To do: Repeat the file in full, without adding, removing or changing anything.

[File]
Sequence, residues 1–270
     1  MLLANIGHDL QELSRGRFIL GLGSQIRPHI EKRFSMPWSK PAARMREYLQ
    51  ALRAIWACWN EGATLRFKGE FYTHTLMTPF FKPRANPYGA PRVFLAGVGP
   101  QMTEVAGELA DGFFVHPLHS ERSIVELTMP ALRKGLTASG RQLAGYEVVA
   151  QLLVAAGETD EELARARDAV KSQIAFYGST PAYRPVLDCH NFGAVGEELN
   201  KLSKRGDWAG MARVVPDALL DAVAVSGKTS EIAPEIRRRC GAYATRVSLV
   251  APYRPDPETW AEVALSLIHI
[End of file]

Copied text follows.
Sequence, residues 1–270
     1  MLLANIGHDL QELSRGRFIL GLGSQIRPHI EKRFSMPWSK PAARMREYLQ
    51  ALRAIWACWN EGATLRFKGE FYTHTLMTPF FKPRANPYGA PRVFLAGVGP
   101  QMTEVAGELA DGFFVHPLHS ERSIVELTMP ALRKGLTASG RQLAGYEVVA
   151  QLLVAAGETD EELARARDAV KSQIAFYGST PAYRPVLDCH NFGAVGEELN
   201  KLSKRGDWAG MARVVPDALL DAVAVSGKTS EIAPEIRRRC GAYATRVSLV
   251  APYRPDPETW AEVALSLIHI